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What is your favorite rappee snuff ?

Which Rappee is your favorite ?


  • I'll be interested to see peoples thoughts on this because although the only coarse snuff I have tried is F&T Princes Special I would love to get recommendations on more coarse snuff to try.
  • SammyD13SammyD13 Unconfirmed
    SG Black Rappee and SWS Aged Border Rappee have excellent tobacco flavor. If you want something scented, I'd recommend Fribourg and Treyer's Santo Domingo. I wouldn't call any of these course but medium-coarse in grind.
  • eblipeblip Member
    Ah yes, I have some black rappee, which i liked at first but then went off, now i seem to be liking it again as its very persistent.. Its a little heavy, and tends to drop out more and gives a bit more back drip than my other rapees...but im coming back round to liking it a lot the SG Black Rappee...
    By the way, the tub i have they actually spelt it Black Rapee....SG made a spelling mistake with its label.
  • Best Dark, Kendal Brown, Viking Dark, Ambrosia, Thors Hammer, Brunswick, Santa Domingo, London Brown, Toque Coarse Plain....
  • SammyD13SammyD13 Unconfirmed
    edited July 2019 PM
    My understanding is that a black rappee has undergone multiple fermentations and has been brined. Maybe one of the "old timers" could chime in here?
  • eblipeblip Member
    Princes, and WoS best dark...not sure if that is a black rappee....the princes is real nice..
  • rostanfrostanf Member
    edited July 2019 PM
    @SammyD13 I don't think there is a hard and fast definition for Rappee anymore. This from Meriam Webster
    Definition of rappee
    : a pungent snuff made from dark tobacco leaves

    Furthermore, I think it is traditionally a coarse ground snuff as it was ground coarsely with a rasp that could be carried with you. The name comes from the french word rape (sound like rapay, wont let me put a mark over the e) which translates to grated.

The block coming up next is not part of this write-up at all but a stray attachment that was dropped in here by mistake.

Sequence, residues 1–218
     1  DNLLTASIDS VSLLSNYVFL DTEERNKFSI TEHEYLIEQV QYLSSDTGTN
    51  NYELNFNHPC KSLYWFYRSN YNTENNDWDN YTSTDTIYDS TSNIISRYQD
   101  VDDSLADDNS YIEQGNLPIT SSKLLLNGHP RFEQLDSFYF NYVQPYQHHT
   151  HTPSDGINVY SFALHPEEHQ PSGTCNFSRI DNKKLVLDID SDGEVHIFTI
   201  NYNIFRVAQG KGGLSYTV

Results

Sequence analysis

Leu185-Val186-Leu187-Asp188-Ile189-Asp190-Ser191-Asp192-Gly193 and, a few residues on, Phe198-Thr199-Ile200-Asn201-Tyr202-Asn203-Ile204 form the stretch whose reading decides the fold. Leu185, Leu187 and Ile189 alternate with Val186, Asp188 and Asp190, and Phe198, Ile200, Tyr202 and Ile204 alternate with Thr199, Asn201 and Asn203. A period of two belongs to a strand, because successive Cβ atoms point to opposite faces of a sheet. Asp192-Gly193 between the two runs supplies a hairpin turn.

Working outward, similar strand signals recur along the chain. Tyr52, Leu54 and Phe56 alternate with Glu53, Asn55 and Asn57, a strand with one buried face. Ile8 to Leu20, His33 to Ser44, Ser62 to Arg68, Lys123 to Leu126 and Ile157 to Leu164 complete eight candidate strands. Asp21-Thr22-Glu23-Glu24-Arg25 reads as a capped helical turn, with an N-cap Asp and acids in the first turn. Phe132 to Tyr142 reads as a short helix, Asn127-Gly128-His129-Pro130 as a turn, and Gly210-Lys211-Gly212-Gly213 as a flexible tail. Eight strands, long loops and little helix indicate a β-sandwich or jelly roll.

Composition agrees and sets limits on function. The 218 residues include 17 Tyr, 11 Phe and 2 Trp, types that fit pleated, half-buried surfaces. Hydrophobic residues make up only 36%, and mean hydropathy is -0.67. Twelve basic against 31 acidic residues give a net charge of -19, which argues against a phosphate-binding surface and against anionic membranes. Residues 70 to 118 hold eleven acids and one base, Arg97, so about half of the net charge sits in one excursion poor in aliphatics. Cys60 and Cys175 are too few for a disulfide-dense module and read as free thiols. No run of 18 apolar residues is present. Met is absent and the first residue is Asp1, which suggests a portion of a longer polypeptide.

• rostanfrostanf Member
    edited July 2019 PM
    @Roderick there's a recipe in my next post. Double dare you.
  • @sammyd13 here is an image exerpt from 1899 describing a rappee as well.
  • ar47ar47 Member
    @rostanf thank you for the article, and also for clearing up the pronunciation. I was saying something different in my head and just really never got into that :D
  • volungevolunge Member
    edited July 2019 PM
    @rostanf, thanks for the excerpt, very interesting genuine formula with calamus root an bay leaves there! 

    As someone noticed it before, it seems that SWS Roslein was inspired by Violet Strasburg. So, one more rappee :)

    Ah, by the way, Hollandse Bolongaro was categorised as rappee in one old encyclopedia, too. My fave! I'm slowly gathering all the necessary ingredients for a repro run.

    HB and French rappees were not black and did not contain fire cured tobaccos. Judging from the amounts of sodium carbonate in French rappees' recipes (app. 7%, if I remember it right), French rappees were very strong snuffs (sauced with Burgundy and Medoc). Those recipes are very basic and could be reproduced easily. Sourcing proper leaves for authentic tobacco bill could be a pain, though...